Cyberthieves are getting crafty, focusing on sensitive information by targeting medical devices. The number of instances is rapidly increasing. According to KPMG, over the past two years, 81 percent of health care organizations were the victims of cyberthreats or even had data compromised.
The reason this is happening? More health care-related organizations are connecting to the internet for saving and sharing data but have poor cyberthreat monitoring, cybersecurity policies and data access controls. The issue also extends to device disposal practices, which are not up to snuff. This all equals a vulnerability that hackers find easy to penetrate.
From the Banner Health data breach in Phoenix, to the Excellus BlueCross BlueShied breach in 2015 leaking data back from 2013, to the breach of 11 million subscribers of Premera, experts say the concern is vast and not going away. Attacks can range from simple attacks through third-party applications, to malware with viruses or spyware placed on devices, to even ransomware that locks the device entirely and demands money from the user.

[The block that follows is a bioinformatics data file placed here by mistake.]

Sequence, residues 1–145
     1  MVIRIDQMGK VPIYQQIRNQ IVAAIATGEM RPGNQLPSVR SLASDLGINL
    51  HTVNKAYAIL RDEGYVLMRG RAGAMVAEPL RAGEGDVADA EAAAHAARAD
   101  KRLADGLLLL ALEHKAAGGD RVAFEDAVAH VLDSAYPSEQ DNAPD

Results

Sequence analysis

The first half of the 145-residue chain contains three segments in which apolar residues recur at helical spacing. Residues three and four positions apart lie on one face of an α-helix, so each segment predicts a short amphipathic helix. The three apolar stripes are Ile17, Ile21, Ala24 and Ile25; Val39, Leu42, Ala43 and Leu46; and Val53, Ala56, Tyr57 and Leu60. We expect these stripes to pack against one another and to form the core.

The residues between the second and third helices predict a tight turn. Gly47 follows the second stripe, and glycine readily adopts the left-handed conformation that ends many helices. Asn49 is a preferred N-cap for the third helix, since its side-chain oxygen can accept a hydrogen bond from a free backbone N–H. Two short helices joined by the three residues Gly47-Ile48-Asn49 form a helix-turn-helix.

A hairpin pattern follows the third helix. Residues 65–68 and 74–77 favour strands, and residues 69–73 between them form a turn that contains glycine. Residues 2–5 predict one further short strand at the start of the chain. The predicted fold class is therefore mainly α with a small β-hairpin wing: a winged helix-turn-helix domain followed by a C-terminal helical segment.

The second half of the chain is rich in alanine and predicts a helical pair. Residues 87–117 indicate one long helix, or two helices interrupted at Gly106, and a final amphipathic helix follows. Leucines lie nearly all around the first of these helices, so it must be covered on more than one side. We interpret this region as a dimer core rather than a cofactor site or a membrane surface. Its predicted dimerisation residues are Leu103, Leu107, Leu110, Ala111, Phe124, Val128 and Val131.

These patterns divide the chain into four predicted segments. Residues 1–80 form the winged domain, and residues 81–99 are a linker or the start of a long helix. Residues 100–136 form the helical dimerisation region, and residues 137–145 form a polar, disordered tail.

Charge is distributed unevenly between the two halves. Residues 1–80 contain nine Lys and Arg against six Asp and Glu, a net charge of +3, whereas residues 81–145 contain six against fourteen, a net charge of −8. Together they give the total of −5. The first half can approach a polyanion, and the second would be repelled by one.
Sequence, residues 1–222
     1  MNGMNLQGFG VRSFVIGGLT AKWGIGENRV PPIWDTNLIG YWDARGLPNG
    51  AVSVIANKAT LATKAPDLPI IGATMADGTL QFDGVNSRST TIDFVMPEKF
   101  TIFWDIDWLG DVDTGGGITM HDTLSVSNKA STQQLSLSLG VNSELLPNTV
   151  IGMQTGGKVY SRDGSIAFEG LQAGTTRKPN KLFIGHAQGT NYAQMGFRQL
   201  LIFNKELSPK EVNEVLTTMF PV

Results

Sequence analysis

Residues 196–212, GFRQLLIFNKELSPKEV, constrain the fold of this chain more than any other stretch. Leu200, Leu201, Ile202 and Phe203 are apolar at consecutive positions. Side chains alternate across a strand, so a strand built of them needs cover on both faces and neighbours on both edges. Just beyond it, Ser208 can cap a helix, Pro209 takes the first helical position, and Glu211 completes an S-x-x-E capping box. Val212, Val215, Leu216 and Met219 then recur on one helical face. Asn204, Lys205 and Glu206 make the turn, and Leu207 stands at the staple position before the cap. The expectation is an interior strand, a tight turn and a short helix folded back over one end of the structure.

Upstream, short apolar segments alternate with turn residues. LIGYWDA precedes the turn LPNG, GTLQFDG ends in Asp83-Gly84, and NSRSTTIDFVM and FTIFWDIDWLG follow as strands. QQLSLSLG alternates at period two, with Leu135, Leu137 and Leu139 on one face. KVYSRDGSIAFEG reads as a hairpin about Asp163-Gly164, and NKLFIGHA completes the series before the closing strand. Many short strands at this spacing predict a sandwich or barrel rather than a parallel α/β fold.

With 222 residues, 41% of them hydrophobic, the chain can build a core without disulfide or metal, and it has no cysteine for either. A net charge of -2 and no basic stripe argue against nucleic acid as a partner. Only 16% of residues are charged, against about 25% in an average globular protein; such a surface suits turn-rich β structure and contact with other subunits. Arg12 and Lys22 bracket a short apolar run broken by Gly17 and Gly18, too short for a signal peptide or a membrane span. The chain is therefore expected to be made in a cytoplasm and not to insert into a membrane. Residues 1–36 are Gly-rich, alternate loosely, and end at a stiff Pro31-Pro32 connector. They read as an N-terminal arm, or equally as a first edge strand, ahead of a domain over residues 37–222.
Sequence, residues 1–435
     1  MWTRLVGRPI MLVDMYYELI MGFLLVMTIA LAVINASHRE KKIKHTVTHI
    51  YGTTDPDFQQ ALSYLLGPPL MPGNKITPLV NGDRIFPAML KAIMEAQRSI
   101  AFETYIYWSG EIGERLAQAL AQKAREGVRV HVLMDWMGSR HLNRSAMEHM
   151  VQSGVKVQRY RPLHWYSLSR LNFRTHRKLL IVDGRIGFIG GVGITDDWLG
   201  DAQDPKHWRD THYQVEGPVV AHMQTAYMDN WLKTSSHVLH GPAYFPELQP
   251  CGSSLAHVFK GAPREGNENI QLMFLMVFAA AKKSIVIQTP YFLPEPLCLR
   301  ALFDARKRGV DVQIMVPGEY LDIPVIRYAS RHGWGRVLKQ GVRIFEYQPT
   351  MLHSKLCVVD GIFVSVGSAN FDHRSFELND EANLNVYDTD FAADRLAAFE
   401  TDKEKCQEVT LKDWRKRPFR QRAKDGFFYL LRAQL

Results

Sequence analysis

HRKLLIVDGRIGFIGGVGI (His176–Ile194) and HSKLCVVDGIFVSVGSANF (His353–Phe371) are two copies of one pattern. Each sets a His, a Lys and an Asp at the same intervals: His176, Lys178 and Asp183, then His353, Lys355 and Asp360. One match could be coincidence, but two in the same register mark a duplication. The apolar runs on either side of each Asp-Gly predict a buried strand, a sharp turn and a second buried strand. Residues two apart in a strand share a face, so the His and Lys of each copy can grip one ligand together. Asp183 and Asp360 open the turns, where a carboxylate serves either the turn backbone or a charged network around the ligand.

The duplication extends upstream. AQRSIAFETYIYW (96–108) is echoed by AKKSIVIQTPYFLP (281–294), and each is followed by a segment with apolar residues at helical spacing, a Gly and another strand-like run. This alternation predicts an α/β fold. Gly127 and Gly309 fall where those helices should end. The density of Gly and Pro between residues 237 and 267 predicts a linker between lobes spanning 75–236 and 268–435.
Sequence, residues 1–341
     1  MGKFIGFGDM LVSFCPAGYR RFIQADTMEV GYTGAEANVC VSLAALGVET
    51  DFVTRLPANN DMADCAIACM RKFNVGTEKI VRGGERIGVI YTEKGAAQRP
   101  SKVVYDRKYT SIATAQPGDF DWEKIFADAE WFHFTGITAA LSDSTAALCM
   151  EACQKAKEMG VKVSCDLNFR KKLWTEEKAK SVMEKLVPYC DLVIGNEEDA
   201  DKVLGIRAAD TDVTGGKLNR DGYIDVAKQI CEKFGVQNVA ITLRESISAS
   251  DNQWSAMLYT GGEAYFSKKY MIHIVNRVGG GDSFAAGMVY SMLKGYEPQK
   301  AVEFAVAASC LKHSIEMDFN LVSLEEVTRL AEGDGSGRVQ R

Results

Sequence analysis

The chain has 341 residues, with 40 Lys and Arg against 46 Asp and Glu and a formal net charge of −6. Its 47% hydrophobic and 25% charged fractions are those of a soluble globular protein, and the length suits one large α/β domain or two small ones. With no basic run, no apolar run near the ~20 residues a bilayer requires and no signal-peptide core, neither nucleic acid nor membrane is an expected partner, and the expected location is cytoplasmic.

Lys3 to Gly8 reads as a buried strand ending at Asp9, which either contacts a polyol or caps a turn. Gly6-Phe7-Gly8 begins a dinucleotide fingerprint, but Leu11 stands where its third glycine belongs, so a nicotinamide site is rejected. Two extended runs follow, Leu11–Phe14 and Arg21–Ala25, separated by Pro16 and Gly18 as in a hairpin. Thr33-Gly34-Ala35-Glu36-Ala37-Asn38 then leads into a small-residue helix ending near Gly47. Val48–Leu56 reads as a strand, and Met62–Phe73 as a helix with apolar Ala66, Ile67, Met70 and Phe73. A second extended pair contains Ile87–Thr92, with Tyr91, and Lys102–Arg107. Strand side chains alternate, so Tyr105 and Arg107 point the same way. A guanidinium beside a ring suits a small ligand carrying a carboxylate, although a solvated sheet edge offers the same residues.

Health care companies are indeed concerned, but some may feel paralyzed as to what to do about it, including how to encrypt data. Recently, the U.S. Food and Drug Administration announced new guidelines that encouraged medical device manufacturers to up the cybersecurity of their products.
Experts recommend policy changes that include siloing each department of an organization to address cybersecurity and carving out a single policy that each department follows. That includes building stronger device access controls, conducting assessments on a habitual basis and implementing ongoing software updates.
It’s all important, because did you know that one in three Americans are victims of health care data breaches?